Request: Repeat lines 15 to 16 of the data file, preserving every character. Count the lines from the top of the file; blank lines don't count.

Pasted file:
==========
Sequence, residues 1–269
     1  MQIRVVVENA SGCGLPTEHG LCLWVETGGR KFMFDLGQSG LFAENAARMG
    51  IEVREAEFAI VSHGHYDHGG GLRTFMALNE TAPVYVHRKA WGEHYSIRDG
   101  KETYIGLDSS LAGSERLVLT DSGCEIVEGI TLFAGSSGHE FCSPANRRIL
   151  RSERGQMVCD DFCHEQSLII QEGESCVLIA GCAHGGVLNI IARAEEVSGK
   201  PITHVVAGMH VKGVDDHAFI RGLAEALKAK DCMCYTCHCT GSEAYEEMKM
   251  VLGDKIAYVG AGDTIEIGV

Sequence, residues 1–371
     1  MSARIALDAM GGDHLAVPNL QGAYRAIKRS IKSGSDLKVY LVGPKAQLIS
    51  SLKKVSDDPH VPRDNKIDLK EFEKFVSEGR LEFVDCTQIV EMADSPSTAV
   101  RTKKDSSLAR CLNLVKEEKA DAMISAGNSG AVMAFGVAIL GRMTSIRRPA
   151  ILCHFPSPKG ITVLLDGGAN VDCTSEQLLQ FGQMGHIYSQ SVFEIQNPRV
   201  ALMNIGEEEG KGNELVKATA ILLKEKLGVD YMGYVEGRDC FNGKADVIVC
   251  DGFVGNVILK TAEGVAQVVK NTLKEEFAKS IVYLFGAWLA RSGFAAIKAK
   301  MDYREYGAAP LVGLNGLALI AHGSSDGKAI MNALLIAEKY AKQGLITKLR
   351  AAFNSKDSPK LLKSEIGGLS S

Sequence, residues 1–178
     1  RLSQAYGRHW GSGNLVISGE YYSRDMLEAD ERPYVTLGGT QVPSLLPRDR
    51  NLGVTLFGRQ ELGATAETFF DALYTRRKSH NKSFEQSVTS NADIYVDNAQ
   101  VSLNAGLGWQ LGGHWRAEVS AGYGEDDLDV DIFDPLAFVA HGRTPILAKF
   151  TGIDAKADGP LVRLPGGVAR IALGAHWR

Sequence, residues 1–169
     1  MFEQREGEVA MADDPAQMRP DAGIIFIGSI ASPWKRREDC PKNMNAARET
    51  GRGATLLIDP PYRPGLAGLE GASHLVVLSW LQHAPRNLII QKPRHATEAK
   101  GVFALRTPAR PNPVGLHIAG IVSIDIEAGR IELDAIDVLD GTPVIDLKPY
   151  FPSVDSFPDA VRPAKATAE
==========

   301  MDYREYGAAP LVGLNGLALI AHGSSDGKAI MNALLIAEKY AKQGLITKLR
   351  AAFNSKDSPK LLKSEIGGLS S